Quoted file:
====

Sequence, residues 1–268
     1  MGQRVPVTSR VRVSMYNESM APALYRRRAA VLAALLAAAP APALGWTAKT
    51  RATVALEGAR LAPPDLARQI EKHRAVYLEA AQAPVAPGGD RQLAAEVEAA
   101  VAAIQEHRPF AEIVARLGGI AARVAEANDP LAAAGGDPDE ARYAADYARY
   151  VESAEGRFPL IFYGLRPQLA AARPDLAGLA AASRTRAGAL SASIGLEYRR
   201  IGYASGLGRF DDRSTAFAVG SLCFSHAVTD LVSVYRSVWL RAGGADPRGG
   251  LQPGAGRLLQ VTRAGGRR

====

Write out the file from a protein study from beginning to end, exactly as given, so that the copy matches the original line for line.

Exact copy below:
Sequence, residues 1–268
     1  MGQRVPVTSR VRVSMYNESM APALYRRRAA VLAALLAAAP APALGWTAKT
    51  RATVALEGAR LAPPDLARQI EKHRAVYLEA AQAPVAPGGD RQLAAEVEAA
   101  VAAIQEHRPF AEIVARLGGI AARVAEANDP LAAAGGDPDE ARYAADYARY
   151  VESAEGRFPL IFYGLRPQLA AARPDLAGLA AASRTRAGAL SASIGLEYRR
   201  IGYASGLGRF DDRSTAFAVG SLCFSHAVTD LVSVYRSVWL RAGGADPRGG
   251  LQPGAGRLLQ VTRAGGRR